Wednesday May 14, 1997
By burlesquing rap culture almost to the point of absurdity, the talented young writer-director-actor Rusty Cundieff made the mockumentary "Fear of a Black Hat" into one of the funnier movies of recent years. Cundieff again proves himself adept with the new romantic comedy "Sprung," which is genre-busting without being a pretentious pain. While it can be viewed on one level as a straight, bawdy reading on the current condition of love, the new film sends up both the extremes of much African American comedy and the self-conscious, cloying qualities of over-earnest film romance in general. Imagine "Four Weddings and a Funeral" meets "Booty Call."
Like "Four Weddings," Cundieff's "Sprung"--a term referring to the condition whereby one's perfectly normal self-absorption has been undone by love--opens with Montel (Cundieff) arriving late for a wedding. We assume it's his, but it doesn't matter. From this point, we flash back to the auguries of tortured romance between Montel and Brandy (Tisha Campbell), an affair destined to be blighted by all the usual afflictions of '90s love--money, sexism, perilous assumptions--but mostly by the misguided attempts at matchmaking/breaking by their friends Clyde (Joe Torry) and Adina (Paula Jai Parker).
Clyde is an iron-pumping, gold-lame-wearing, burger-joint-managing man on the prowl, whose tools of courtship include a borrowed Porsche and a purloined ATM receipt. At a sorority party, he and Montel meet Brandy and Adina. Adina is the queen of the gold diggers, whose assessment of available men begins at their wallets: Through her mind's eye we see the kind of instantaneous computer readouts used in films like "The Hunt for Red October" but that for Adina provide appraisals of phony Rolexes and cheap suits. The fantasy visuals work both ways: When Montel and Clyde first arrive, they visualize Brandy in a baby-doll nightie and Adina decked out as a dominatrix.
Clyde's counterfeit wealth fools Adina; they go to bed and engage in what might be called Extreme Sex. When she finds out she's been played, her revenge is ugly--and funny. Montel and Brandy, meanwhile, develop a more meaningful relationship, which upsets Clyde and Adina--because it means they'll have to see more of each other.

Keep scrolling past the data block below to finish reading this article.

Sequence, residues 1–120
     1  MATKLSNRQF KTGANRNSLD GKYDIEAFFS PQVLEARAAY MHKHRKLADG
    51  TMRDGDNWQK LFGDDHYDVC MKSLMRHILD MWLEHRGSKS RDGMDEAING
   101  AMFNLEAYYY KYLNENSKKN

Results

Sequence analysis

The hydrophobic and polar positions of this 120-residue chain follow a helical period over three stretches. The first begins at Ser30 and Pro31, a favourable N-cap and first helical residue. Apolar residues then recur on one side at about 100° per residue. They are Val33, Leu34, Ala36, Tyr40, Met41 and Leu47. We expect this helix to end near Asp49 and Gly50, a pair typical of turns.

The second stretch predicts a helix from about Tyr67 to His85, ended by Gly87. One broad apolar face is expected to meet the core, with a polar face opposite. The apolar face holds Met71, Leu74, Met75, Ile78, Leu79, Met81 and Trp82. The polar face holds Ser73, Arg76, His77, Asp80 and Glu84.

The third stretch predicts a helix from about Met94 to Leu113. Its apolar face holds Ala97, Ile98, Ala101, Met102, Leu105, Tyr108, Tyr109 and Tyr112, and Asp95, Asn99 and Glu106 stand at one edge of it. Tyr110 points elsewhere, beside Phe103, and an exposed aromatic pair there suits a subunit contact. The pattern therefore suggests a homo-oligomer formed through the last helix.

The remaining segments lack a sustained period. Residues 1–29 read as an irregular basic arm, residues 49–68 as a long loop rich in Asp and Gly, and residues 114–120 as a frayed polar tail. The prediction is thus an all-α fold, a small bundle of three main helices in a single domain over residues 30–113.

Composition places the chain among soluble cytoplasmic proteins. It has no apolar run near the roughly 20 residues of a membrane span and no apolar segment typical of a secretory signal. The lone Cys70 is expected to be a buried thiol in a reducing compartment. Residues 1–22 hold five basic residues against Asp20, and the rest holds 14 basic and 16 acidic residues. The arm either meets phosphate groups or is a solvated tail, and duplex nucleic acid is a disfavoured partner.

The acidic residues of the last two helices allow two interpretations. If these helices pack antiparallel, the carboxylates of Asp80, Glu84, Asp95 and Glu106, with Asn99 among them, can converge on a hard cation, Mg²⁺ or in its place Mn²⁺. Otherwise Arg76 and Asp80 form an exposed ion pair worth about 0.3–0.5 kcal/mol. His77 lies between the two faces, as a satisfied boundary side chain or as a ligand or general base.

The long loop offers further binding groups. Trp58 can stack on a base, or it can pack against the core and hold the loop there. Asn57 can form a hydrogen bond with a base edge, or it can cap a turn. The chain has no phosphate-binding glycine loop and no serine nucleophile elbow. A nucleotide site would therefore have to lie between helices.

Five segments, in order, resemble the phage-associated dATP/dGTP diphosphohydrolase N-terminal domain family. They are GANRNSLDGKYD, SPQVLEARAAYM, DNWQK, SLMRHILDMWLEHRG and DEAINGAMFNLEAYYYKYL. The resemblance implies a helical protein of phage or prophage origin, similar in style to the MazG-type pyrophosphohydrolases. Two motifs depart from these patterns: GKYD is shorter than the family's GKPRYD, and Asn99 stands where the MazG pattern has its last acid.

En route to real love and hot sex, there's a lot of playful, stylized mischief executed by Cundieff--Adina looks in the mirror and sees a lollipop labeled "sucker"; when she belts Clyde, little birds circle his head. Cundieff is casting his characters as cartoonish, if not outright cartoons, but his willingness to be this goofy is refreshing.
Montel's love talk can be cloying--Cundieff himself is not quite as convincing as his co-stars--and the structure of "Sprung" is a bit stilted: This kind of four-handed game of hot pursuit has been done to death. But it's a genuinely romantic and genuinely funny film. Cundieff's story is dedicated to the proposition that real love exists--and is available, if you're honest enough. The movie is honest, too, about the silly things people often do for love.
Sprung, 1997. R for some strong sexuality and language. A Darin Scott Production in association with Trimark Productions, released by Trimark Pictures. Producer Darin Scott. Director Rusty Cundieff. Screenplay Rusty Cundieff and Darin Scott. Cinematographer Joao Fernandes. Editor Lisa Bromwell. Production designer Terrence Foster. Costumes Tracey White. Music Stanley Clarke. Music coordinator Peter A. Block. Art coordinator Jim Moores. Set decorator Melanie Paizis. Running time: 1 hour, 45 minutes. Brandy as Tisha Campbell. Montel as Rusty Cundieff. Adina as Paula Jai Parker. Clyde as Joe Torry. Veronica as Jennifer Lee.Copyright © 2014, Los Angeles Times